Area Forecast Discussion
National Weather Service Grand Forks ND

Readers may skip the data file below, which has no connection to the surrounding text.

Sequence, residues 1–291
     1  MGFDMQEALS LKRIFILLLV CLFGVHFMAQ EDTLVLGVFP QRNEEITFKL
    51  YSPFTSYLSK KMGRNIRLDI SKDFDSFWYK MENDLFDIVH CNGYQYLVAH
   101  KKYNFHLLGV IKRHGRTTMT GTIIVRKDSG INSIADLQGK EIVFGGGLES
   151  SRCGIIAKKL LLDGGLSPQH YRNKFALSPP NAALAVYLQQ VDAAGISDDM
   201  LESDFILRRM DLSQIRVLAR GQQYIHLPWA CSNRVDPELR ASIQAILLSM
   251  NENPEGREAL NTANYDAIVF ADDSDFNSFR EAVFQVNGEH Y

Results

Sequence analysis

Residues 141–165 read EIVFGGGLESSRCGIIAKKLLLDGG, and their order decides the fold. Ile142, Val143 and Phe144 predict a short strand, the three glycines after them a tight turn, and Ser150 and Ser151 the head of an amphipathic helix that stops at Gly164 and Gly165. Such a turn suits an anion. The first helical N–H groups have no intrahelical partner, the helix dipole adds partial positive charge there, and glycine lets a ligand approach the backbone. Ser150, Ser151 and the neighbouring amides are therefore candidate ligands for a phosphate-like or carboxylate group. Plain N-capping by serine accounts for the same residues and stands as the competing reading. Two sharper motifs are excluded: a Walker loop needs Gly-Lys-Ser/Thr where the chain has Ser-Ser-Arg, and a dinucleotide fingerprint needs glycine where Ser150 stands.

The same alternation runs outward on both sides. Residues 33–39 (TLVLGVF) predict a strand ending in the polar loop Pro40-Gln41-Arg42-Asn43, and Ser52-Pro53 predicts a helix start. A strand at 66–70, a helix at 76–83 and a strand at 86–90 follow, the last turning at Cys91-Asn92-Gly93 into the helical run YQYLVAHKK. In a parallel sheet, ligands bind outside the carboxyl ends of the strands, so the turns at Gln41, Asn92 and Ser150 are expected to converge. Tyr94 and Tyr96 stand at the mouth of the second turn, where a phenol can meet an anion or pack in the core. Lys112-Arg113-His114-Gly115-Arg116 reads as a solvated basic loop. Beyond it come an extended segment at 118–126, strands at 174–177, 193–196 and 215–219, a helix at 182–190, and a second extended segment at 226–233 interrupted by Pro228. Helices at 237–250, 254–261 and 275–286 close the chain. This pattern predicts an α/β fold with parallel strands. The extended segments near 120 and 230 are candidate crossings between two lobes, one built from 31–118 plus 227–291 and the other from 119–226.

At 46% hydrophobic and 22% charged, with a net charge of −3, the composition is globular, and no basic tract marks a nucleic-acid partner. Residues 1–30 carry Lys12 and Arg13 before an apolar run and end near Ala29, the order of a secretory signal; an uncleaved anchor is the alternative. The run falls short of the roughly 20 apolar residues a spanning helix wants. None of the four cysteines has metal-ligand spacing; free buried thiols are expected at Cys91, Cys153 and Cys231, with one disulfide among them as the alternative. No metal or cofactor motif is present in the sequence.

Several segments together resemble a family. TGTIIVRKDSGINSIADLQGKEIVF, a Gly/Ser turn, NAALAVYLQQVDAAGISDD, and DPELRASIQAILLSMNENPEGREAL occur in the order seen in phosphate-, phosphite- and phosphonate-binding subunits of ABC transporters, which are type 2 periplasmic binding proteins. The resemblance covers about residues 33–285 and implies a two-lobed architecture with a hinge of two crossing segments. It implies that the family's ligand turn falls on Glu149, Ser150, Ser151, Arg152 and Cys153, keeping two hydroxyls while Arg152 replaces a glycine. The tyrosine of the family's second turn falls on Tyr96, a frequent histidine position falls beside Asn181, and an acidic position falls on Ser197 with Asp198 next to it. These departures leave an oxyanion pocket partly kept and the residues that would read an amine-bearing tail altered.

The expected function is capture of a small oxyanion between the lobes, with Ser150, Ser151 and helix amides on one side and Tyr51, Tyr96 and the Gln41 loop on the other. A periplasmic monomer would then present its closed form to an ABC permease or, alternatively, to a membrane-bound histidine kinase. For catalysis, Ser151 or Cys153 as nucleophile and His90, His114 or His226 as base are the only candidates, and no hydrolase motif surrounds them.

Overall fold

949 PM CDT Thu Mar 22 2018 .UPDATE... Issued at 948 PM CDT Thu Mar 22 2018 Still have mostly cloudy skies over the area, but there are a few holes here and there. There are also a few stations reporting fog, but it is still in the 3 to 5 mile range, which is not too bad yet. && .SHORT TERM...(This evening through Friday) Issued at 326 PM CDT Thu Mar 22 2018 Stratocu breaking up over NW MN and parts of E ND this aftn and trend should be some clearing thru the evening, esp east of the Red River. West of the Red River the persistent low level moisture should allow low clouds and some fog to reform. In clearer areas east of the Red River, patchy fog is also possible. Focus is then on Friday system and arrival timing. Short range models in good agreement on timing of snow eastward and used them to time snow arrival in hourly pop/wx grids into Friday night. The HRRR and RAP are a bit slower than the blended conshort and ECAM guidance used for pops however. Idea is for snow to move into the western fcst area mid morning....reach parts of the Red River valley in the mid to late afternoon. The band of snow will be orientated northwest to southeast. Temps ahead of the snow will be above freezing but will fall to or just below freezing as the snow moves in. Thus anticipating little liquid precipitation. Snow rates should be quite high for several hours, esp in central ND Minot-Devils Lake-Jamestown-Valley city region Friday aftn due to good overlay of low/mid level frontogenesis and upper level lift. Snow rates of 1-2 inch per hour psbl in this area where snow totals of 8 or more has the highest chance of occurring. .LONG TERM...(Friday night through Thursday) Issued at 326 PM CDT Thu Mar 22 2018 How far east will the heavier snow get before the lift/frontogenesis transitions a bit more into southern Minnesota Friday night. Northern Red River valley should see several inches but could possibly get more if the lift remains strong. For now went advisory mid/nrn valley. Snow will taper off western fcst area after midnight Friday night and could be replaced by some freezing drizzle as low level moisture remains but main seeding clouds move out. Warnings/advisories and snow amounts coordinated well among the neighbors for this event. Lingering snow and rain will be possible across far southeastern ND and west central MN early Saturday morning. As the bulk of the precipitation exits the region to the south and east through mid day Saturday, dry air aloft could cause the loss of ice nuclei over eastern ND. As this occurs areas of freezing drizzle will be possible. However, 10-15 mph southeast winds at the surface may mix and dry out the near surface layer, so impacts from freezing drizzle will likely be minimal. A second shortwave embedded in southwesterly flow aloft is expected to move into southern Canada on Sunday. This shortwave will bring a second round of snow to eastern North Dakota and much of northwestern and north central Minnesota. Snow is expected along and north of the Highway 2 corridor Sunday afternoon and evening. Further south, warm afternoon temperatures near and just above the surface will support a mixed precipitation type of rain and snow. The active pattern continues for Monday as a central Plains low moves eastward to our south. A daytime rain/snow mix and overnight snow will be possible across the eastern ND and northwest MN region Monday through late Monday night with the best chance for precip south of Highway 2 and across far southeast ND and western MN. Although there is low confidence in exact amounts, snowfall accumulation Sunday through Monday night will not be as high as the Friday storm system. However, as snowfall melts during the day and refreezes at night, along with light snowfall accumulation, roadways may be slick and hazardous during the morning and late evening hours during this period. Quiet weather will return mid week as a surface high builds over the northern Plains. Afternoon temperatures in the upper 30s and low 40s will help begin to melt weekend snowfall. && .AVIATION...(For the 00Z TAFS through 00Z Friday evening) Issued at 647 PM CDT Thu Mar 22 2018 Other than KDVL, ceilings have risen into the VFR range at the other TAF sites. Think this will remain the case for tonight into early Friday, when ceilings begin to lower again with the approach of the next winter storm system. There may be some patchy fog around again, but best chances may be at KDVL or KGFK. Overall confidence pretty low in that right now. Most of the latest model guidance holds off on any snow until around 20-21z Friday at KDVL/KFAR and an hour or two later at KGFK. && .FGF WATCHES/WARNINGS/ADVISORIES... ND...Winter Weather Advisory from 4 PM Friday to 7 AM CDT Saturday for NDZ007-008-016-027-030-054. Winter Storm Warning from 1 PM Friday to 7 AM CDT Saturday for NDZ026-029-039-053. Winter Storm Warning from 10 AM Friday to 7 AM CDT Saturday for NDZ006-014-015-024-028-038-049-052. MN...Winter Weather Advisory from 4 PM Friday to 7 AM CDT Saturday for MNZ001-002-027-031. Winter Storm Warning from 1 PM Friday to 7 AM CDT Saturday for MNZ003-029-030-040. && $$ UPDATE...Godon SHORT TERM...Riddle LONG TERM...AM/Riddle AVIATION...Godon